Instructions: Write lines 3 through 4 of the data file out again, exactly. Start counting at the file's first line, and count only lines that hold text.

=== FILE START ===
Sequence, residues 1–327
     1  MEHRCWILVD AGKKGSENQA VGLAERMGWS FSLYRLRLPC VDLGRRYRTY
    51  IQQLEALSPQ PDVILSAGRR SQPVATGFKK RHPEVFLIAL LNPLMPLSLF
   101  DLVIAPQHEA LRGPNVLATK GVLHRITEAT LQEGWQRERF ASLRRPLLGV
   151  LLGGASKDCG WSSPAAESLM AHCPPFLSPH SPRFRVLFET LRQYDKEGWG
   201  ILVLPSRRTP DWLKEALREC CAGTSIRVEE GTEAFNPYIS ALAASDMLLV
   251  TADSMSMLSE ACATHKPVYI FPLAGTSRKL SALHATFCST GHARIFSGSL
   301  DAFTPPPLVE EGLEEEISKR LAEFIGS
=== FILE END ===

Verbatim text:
    51  IQQLEALSPQ PDVILSAGRR SQPVATGFKK RHPEVFLIAL LNPLMPLSLF
   101  DLVIAPQHEA LRGPNVLATK GVLHRITEAT LQEGWQRERF ASLRRPLLGV